This company (Glastron-conroy Indust) is owned by David Mosley and is located at 3150 I-H 35 W in NEW BRAUNFELS state of TX. It manufactured this vessel and placed your HIN or CIN on the hull. The Parent Company for this boat maker is GENMAR HOLDINGS INC (). Glastron-conroy Indust has started making boats, yachts and other watercraft as of 8/20/1982 12:00:00 AM and went out of business on (4/28/2005 12:00:00 AM) in the following country: .

Make sure to compare the date of boat manufacturing with the dates in which the company was actually in business.

The US Coast guard provides this comment about this watercraft manufacturer: All Glastron Boats Will Use 'gla' After 8/88shown Oob 880902-mso Corpus Christi Reports Active-891215 Oob Per Ppg 4/28/2005..

Here his the link if you want to check others.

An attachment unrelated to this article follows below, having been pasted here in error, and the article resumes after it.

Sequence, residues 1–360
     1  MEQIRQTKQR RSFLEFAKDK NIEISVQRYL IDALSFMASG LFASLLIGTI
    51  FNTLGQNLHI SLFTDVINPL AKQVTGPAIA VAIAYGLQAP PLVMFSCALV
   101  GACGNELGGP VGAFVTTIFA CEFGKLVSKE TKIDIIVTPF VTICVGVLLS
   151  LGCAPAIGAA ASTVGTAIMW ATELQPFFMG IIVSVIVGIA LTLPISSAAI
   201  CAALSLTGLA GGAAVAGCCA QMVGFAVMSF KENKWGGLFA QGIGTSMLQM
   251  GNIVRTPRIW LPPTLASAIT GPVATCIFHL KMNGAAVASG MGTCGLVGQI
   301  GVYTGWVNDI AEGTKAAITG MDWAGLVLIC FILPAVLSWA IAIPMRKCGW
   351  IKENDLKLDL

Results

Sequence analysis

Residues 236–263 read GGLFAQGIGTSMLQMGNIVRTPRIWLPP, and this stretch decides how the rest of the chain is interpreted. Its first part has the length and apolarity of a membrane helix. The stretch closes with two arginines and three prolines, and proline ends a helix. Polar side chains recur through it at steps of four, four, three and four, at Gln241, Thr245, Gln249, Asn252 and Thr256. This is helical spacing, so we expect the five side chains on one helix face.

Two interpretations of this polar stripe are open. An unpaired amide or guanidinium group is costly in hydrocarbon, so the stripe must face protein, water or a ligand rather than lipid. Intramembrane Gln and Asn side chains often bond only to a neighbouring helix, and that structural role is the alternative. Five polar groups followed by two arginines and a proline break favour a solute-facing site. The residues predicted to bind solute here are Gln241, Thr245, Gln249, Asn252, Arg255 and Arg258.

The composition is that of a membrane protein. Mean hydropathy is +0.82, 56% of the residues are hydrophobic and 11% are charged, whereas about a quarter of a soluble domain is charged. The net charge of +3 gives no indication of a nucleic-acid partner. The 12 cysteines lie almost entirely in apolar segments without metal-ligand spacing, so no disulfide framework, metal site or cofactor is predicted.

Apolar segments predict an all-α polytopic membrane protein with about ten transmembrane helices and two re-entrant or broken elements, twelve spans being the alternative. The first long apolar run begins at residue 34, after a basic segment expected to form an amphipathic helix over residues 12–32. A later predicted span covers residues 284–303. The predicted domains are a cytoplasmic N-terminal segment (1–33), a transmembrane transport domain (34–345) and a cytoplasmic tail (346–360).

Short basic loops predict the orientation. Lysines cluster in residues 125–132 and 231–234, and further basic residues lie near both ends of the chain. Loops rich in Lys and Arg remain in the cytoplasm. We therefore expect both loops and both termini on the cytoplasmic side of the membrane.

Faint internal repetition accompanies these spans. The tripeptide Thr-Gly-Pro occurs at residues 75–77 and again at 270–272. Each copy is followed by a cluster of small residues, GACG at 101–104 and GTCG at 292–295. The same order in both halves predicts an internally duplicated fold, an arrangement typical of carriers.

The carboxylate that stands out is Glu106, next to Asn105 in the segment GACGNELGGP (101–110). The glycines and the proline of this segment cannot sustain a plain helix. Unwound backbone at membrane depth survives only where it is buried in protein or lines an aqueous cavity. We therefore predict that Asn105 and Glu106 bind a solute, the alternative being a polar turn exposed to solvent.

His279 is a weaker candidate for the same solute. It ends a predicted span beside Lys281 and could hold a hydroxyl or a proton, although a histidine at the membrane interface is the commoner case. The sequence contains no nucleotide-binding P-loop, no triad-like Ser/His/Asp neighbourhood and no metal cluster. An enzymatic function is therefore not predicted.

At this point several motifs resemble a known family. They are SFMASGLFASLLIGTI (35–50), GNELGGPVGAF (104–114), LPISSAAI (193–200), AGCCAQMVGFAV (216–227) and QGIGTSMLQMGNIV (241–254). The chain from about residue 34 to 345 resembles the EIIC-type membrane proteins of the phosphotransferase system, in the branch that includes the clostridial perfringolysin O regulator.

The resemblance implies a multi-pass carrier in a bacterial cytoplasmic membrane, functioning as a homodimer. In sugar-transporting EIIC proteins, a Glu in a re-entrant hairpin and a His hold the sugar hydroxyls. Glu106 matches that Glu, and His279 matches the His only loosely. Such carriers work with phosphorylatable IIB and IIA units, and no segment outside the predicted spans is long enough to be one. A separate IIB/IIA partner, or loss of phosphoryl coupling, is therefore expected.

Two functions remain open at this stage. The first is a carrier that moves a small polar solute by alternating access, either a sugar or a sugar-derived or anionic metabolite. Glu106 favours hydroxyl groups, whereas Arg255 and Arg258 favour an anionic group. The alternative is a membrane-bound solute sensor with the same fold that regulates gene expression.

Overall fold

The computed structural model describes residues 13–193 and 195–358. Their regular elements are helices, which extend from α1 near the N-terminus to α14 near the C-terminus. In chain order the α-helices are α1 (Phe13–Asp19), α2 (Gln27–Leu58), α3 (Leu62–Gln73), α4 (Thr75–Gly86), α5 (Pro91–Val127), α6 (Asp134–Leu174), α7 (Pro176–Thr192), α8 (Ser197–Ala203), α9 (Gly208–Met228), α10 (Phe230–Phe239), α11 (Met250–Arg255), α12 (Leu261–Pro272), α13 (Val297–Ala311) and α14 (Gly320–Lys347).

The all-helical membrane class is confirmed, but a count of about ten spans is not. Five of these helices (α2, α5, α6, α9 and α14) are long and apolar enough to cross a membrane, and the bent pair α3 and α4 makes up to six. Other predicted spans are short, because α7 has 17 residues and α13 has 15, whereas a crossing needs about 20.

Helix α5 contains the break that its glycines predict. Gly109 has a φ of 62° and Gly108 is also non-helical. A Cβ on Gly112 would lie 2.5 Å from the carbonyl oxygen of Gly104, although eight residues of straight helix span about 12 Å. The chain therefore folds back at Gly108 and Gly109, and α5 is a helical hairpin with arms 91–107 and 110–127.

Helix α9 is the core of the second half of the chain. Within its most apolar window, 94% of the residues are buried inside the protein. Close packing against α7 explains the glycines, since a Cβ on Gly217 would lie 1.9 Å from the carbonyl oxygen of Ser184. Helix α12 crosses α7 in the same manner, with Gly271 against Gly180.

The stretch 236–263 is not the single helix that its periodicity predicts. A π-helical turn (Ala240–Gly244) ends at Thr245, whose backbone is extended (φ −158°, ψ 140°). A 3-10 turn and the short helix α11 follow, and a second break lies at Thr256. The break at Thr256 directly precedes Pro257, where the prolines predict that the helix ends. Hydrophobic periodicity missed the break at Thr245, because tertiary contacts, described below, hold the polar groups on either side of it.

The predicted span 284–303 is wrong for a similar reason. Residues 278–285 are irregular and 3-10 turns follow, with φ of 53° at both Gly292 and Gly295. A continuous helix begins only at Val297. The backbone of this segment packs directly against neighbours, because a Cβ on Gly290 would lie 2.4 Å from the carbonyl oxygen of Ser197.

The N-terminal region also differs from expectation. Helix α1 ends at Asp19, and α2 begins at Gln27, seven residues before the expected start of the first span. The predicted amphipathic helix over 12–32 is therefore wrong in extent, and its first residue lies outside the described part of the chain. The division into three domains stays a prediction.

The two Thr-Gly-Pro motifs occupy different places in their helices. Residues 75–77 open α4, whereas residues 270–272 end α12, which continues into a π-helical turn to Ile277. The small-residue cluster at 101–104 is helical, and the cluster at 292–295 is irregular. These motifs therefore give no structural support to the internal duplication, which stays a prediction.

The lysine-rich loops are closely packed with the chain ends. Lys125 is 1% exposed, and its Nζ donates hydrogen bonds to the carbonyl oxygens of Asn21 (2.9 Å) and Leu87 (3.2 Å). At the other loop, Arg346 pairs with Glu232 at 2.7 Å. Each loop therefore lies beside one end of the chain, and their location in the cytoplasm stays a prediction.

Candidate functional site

https://www.hindecoder.com/
Gregg
'76 CV16

Offline Jason

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  • 1974 CV16SS, 1986 CV23
Re: Hull identification number
« Reply #2 on: April 27, 2018, 12:59:39 PM »
Good thread with various Glaston HIN's:

http://forum.cgoamn.com/index.php?topic=4877.0
Jason S.
1974 Glastron Carlson CV16SS 140 I/O
1986 Glastron Carlson CV23 260 I/O

Offline Hyperacme

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Gregg
'76 CV16

Offline Hyperacme

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Re: Hull identification number
« Reply #4 on: January 11, 2019, 08:28:49 PM »
Hull Identification Numbers from BoatUS.
https://www.boatus.com/magazine/2017/february/hull-identification-numbers.asp

By Charles Fort
Confusion over model years, especially on outboard engines, can frustrate buyers. Here's how to find that info on the products themselves.